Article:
“Thus the time has come when the scientists have lost all right to be addressed with the Miltonian verse, “O thou who, for the testimony of truth, hast borne universal reproach!”
Sad degeneration, and one that recalls the exclamation of that “doctor of physic” mentioned one hundred and eighty years ago by Dr. Henry More, and who, upon hearing the story told of the drummer of Tedworth and of Ann Walker, “cryed out presently, if this be true, I have been in a wrong box all this time, and must begin my account anew.”
But in our century, notwithstanding Huxley’s endorsement of the value of “human testimony”, even Dr. Henry More has become “an enthusiast and a visionary, both of which, united in the same person, constitute a canting madman.”
What psychology has longed lacked to make its mysterious laws better understood and applied to the ordinary as well as extraordinary affairs of life, is not facts. These it has had in abundance. The need has been for their recording and classification – for trained observers and competent analysts.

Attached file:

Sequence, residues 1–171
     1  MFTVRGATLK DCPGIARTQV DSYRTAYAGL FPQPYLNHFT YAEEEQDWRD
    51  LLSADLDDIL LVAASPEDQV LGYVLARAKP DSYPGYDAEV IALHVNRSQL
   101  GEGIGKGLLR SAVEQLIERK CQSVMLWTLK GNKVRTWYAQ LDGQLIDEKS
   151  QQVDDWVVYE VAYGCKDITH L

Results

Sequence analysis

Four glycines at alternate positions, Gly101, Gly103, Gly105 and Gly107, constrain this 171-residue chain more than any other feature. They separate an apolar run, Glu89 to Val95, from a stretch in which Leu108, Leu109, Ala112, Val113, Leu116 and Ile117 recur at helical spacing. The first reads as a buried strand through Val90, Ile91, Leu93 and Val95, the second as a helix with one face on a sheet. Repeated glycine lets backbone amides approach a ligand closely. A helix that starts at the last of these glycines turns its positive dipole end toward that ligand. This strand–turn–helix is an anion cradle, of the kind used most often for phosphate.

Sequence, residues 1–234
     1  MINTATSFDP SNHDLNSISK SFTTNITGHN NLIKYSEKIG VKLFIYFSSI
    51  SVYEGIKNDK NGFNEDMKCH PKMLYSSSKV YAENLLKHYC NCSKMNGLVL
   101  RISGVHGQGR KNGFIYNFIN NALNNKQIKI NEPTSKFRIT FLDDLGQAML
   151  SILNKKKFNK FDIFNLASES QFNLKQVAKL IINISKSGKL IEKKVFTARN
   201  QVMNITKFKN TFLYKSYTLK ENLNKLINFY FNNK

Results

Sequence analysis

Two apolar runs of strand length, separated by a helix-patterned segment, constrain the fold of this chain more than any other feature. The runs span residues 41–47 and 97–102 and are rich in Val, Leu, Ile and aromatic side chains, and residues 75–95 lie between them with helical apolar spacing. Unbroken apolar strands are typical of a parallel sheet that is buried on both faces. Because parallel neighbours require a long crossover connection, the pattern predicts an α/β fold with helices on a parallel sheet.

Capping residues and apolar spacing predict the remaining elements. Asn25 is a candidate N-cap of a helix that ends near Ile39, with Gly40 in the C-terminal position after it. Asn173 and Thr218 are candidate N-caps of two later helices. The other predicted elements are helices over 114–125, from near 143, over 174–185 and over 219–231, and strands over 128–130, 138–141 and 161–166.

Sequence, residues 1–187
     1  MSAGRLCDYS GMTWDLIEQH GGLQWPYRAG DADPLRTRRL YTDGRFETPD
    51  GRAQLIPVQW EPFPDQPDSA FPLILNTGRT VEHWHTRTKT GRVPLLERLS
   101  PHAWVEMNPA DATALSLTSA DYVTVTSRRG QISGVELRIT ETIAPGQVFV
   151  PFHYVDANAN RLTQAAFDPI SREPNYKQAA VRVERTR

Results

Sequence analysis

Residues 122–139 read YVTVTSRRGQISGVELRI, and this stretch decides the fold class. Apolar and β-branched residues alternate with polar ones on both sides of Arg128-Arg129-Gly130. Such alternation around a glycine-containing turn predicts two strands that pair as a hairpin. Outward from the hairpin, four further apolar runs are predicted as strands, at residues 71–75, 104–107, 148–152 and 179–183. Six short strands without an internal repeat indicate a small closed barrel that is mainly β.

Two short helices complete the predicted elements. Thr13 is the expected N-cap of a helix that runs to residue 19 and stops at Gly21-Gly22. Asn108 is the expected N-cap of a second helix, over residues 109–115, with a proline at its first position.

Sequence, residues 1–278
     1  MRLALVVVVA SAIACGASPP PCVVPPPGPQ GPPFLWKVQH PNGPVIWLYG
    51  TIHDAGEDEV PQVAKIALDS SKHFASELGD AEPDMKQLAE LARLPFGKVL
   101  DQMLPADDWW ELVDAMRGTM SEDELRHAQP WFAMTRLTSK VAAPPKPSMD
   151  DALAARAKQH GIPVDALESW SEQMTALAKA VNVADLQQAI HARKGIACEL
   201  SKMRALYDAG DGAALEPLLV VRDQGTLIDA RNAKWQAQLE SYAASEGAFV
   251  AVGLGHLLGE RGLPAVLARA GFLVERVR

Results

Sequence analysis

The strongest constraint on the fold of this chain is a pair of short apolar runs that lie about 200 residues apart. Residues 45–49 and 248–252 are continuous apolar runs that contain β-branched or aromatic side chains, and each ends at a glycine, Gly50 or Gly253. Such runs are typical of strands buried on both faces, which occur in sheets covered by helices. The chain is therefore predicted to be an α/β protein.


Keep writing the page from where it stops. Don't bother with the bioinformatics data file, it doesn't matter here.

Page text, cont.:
From the scientific body these ought to have been supplied. If error has prevailed and superstition run riot these many centuries throughout Christendom, it is the misfortune of the common people, the reproach of science.
The generations have come and gone, each furnishing its quota of martyrs to conscience and moral courage, and psychology is little better understood in our day than it was when the heavy hand of the Vatican sent those brave unfortunates to their untimely doom, and branded their memories with the stigma of heresy and sorcery.”
H. P. Blavatsky